This is a follow-up of my previous post on Vim and cwd, so I suggest you go read it first.

If you’ve read the previous post carefully, you may have noticed that the ultimate goal of all the shortcuts I’ve described (<leader>cd), (<leader>ew) or the way I care about the working directory of each vim tab, always boils done to one thing: do not type the same path twice

Here are a few more tricks I use on top of the other vim settings I’ve previously described.

vim --remote

This is useful when you have two terminals open.

Here’s an example:

vim remote example

In this case, the working directory on the left is correct, but the vim instance running on the right was started from $HOME

Let’s assume you want to edit ~/src/dmerej/blog/content/post/hello.md.

You don’t want to type ~/src/dmerej/blog/content/post/ again.

A solution is to use vim --remote hello.md from the terminal on the left.

This only works if the first vim instance was started using the --servername option

Neovim

Neovim folks removed the --remote and --servername options.

The idea is that you should use the new RPC interface instead.

You can use a nvr or your own solution.

Personally, I have something like this:

# in vim_wrapper.py

SOCKET_PATH="/tmp/neovim"

def remote_nvim(filename):
    nvim = neovim.attach("socket", path=SOCKET_PATH)
    nvim.command(":e %s" % filename)

def main_nvim():
    env = os.environ.copy()
    env["NVIM_LISTEN_ADDRESS"] = SOCKET_PATH
    rc = subprocess.call(["nvim"], env=env)

def main():
    if "--remote" in sys.argv:
        remote_nvim()
    else:
        main_nvim()

In a nutshell:

  • If vim_wrapper.py is called without a --remote argument, I make sure Neovim is always listening to the same socket (/tmp/neovim)

  • Otherwise I use the neovim Python client API to attach to a running Neovim instance and open the file there.

(More about vim_wrapper.py later …)

Open recent files

I use the Ctrl-P plugin.

It has a “Most Recent Used” mode that I find very convenient.

This means that most of the time, I start vim from anywhere, then run <leader>p (which is bound to CtrlPMRUFiles), and only then do I set the working directory. (with <leader>cd, remember?)

Changing directory after Vim exits

Often, when I’m done editing, I want to run some git commands. (Typically, git push)

So I use this trick to change the working directory of the calling terminal.

First, I use an auto command to write the working dir in an hard-coded file (/tmp/nvim-cwd)

" Write cwd when leaving
function! WriteCWD()
  call writefile([getcwd()], "/tmp/nvim-cwd")
endfunction

autocmd VimLeave * silent call WriteCWD()

Then I define a zsh function to call the vim_wrapper.py script and change the working directory accordingly:

# Change working dir when Vim exits
function vim() {
  vim_wrapper.py $*
  cd $(cat /tmp/nvim-cwd)
}

z: or the cd that learns

But sometimes I first want to change working directory before running vim. (Typically, to run git pull)

To do so I use z.

This tool installs a zsh hook and store every working directory in a “database”.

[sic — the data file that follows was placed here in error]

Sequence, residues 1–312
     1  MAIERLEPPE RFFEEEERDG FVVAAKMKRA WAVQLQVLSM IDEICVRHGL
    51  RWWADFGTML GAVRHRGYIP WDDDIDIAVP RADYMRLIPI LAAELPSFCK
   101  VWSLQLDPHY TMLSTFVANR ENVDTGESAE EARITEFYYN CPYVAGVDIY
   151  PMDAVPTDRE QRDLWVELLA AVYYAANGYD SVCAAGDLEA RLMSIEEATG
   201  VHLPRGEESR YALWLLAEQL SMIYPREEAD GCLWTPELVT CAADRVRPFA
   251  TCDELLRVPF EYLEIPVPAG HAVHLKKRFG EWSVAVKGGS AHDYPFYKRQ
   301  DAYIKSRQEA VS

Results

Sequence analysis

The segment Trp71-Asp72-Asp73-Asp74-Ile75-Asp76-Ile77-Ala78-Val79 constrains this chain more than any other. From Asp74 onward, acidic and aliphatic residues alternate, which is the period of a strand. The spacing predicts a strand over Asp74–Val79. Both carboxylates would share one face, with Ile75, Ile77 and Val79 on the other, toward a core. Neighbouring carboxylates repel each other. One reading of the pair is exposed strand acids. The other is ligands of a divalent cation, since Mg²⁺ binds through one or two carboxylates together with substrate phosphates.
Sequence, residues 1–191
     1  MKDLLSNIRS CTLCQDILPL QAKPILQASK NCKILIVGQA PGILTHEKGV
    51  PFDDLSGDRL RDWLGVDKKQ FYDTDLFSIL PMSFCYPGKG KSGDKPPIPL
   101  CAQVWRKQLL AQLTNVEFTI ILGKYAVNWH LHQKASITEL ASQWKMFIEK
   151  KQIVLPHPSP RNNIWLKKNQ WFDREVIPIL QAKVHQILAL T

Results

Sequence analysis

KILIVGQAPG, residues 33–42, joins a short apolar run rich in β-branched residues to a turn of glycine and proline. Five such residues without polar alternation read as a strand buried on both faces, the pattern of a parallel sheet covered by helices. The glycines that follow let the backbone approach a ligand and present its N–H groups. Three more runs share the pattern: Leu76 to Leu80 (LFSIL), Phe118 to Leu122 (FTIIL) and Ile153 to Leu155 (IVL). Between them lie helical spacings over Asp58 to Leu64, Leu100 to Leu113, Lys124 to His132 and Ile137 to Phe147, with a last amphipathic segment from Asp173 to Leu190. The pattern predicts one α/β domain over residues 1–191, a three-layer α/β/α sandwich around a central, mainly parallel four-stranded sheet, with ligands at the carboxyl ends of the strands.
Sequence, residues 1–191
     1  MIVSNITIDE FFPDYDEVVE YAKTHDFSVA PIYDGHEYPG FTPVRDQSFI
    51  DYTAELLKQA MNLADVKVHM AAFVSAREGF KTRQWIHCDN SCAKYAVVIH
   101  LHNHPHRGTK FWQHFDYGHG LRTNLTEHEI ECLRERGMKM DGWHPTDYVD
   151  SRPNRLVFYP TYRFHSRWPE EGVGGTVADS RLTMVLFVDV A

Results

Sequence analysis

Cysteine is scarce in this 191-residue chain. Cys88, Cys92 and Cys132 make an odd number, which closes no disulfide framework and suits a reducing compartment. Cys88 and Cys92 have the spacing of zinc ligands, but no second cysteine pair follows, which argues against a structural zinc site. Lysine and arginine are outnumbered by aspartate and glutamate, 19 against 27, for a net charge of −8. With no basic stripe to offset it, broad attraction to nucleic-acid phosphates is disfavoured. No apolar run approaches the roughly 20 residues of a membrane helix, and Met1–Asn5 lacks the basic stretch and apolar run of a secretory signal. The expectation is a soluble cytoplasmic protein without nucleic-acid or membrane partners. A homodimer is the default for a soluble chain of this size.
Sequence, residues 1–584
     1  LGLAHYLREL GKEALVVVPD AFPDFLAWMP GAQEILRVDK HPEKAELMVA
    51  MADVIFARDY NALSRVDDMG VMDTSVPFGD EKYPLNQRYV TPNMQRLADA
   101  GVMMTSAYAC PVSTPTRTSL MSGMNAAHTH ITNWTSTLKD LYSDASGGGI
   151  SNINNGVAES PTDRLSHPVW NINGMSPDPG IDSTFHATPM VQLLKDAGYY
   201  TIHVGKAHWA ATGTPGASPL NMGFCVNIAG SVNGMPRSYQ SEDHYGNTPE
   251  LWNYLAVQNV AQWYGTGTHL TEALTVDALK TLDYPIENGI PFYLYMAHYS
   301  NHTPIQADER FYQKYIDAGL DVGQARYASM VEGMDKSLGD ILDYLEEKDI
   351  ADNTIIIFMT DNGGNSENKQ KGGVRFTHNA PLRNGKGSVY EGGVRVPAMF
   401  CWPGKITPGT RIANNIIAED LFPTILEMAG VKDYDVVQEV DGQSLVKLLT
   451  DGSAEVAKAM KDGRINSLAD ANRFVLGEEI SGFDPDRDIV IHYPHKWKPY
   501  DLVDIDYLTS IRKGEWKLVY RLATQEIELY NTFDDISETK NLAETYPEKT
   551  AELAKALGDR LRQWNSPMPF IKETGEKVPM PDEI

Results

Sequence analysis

Then you can just type a small part of the directory you want to go to, and it will use a “frecency” algorithm to get you there.

See the README for more information.

Opening files from error messages

Often, in error messages you get something like:

/path/to/foo.cpp:42: 'spam' was not declared in this scope

There’s the filename, followed by a colon (:), followed by a line number.

Of course, you want to open the file in vim to fix it.

You can try to carefully select only the filename without the :42 part, or after having copy/pasted the full word, removing the extra characters using backspace.

And then you remember 42 and type 42G (or :42) to go to the correct line.

Personally, I do this in the vim_wrapper.py script:

It tries to see if there are column in filenames, and then starts vim with the correct + option:

def parse_filespecs_for_cmdline(filespec):
    if ":" in filespec:
        parts = filespec.split(":")
        line = parts[1]
        filename = parts[0]
        return ["+%s" % line, filename]

Or, when used with the --remote option, opens a new tab and the move the cursor to the correct location:

def parse_filespecs_for_remote(filespecs):
    res = list()
    for filespec in filespecs:
        parts = filespec.split(":")
        parts += ["1"] * (3 - len(parts))
        parts[0] = os.path.abspath(parts[0])
        for i in (1, 2):
            try:
                parts[i] = int(parts[i])
            except ValueError:
                sys.exit("Failed to parse %s" % filespec)
        res.append(parts)
    return res

def remote_nvim(filespecs):
    nvim = neovim.attach("socket", path=SOCKET_PATH)
    to_open = parse_filespecs_for_remote(filespecs)
    nvim.command(":tabnew")
    for fullpath, line, column in to_open:
        nvim.command(":e %s" % fullpath)
        nvim.feedkeys("%iG" % line)
        nvim.feedkeys("%i|" % column)

Conclusion

That’s all folks :) Hope you liked it.

You can see the vim_wrapper script in my dotfiles repo on github